Intel's Image Processing and Computer Vision Powers Interesting Technology

Intel’s Image Processing and Computer Vision Powers Interesting Technology

At CES 2019, certain companies spent most, if not all, of their space to showcase a few products. Google, for example, used their booth to show off the multiple uses of the Google Home Hub and Google Assistant ecosystem. On the other hand, Intel had smaller, individual setups that showcased different use cases of their foundational technology, not product solutions.

A major foundational technology Intel showcased was computer vision and image processing. The follow are three interesting applications of Intel’s technology:

Tobii Eye Tracking

Labeled as a “Gaming Eye Tracking Experience,” Tobii is an eye tracking solution implemented in the lower bezel of the computer screen. It’s unobtrusive and mainly is used for eye tracking analytics. After a gaming session, the software creates a heat map of where you were looking in order for you to be better focused in-game.

Tobii does not, however, allow for full control over the computer. Certain games allow for eye controls, but it is not widely implemented. Tobii also allows you to choose what application appears in the foreground via eye control, but according to the Intel rep, that is essentially the extent of computer control with eye tracking.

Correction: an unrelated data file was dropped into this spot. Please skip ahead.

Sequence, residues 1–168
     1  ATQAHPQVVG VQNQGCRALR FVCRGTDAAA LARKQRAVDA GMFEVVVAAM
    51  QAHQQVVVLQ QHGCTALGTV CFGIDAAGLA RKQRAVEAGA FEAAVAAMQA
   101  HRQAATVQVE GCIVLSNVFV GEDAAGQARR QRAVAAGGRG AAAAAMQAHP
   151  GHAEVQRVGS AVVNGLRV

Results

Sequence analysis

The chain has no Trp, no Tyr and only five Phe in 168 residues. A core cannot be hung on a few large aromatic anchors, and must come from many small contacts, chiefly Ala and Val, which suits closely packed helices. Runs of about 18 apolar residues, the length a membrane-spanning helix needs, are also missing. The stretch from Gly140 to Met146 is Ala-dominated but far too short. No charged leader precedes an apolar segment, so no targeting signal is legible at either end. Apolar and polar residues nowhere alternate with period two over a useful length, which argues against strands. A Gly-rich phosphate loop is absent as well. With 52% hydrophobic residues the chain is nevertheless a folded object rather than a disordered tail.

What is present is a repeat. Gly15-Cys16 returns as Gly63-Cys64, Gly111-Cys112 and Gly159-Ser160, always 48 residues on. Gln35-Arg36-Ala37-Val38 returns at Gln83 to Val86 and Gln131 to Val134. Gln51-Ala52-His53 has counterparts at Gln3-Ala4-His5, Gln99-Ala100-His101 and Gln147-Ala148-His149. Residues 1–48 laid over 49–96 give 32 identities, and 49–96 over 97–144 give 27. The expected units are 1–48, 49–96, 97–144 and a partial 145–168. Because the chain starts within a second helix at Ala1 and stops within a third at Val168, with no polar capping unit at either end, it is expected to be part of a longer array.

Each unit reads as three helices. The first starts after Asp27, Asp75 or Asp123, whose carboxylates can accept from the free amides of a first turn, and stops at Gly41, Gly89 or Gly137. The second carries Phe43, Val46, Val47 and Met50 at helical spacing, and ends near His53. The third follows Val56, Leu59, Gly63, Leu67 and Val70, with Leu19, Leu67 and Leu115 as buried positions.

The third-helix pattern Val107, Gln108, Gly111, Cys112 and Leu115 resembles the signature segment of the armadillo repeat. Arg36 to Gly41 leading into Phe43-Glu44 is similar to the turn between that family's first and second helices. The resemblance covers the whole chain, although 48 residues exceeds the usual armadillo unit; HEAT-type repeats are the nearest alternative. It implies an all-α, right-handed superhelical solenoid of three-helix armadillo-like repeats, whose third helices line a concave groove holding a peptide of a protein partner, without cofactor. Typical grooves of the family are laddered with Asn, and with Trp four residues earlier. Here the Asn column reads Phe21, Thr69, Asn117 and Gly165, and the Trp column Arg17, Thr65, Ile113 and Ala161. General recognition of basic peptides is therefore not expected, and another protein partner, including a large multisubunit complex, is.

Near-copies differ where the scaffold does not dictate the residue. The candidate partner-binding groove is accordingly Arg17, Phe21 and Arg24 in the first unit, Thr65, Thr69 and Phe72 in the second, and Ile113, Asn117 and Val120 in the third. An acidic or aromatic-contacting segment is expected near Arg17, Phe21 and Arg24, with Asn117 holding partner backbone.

Wheel Chair Manipulation

Powered by image processing, Intel is helping differently abled people live more comfortably via their wheel chair control system. Their wheel chair would be powered by facial control; movements like smiles, lip purses, etc. would be tracked by the wheel chair and result in an action. This has the potential to make wheel chair operation more convenient and more accessible to people.

Movidias Myriad

In an effort to address poaching, Intel created the Movidias Myriad Visual Processing Unit. The current solution used by tracking company Resolve was too slow and too large. By the time images were transferred to a server, processed to determine poachers, and sent back to alert authorities, animals would already be killed. In addition, the previous solution was too large meaning poachers would be able to see the camera and destroy it.

The Movidias Myriad VPU, on the other hand, is smaller than a quarter. This means that the camera size can be reduced and made more inconspicuous. In addition, the chip has an AI algorithm that determines whether or not a person is a poacher. If the chip does determine a person is a poacher, authorities can be contacted almost instantaneously to apprehend these people and save the animals.

These three products are only the start of the long list of technologies Intel showcased. 2019 looks to be an exciting year for the multinational company!

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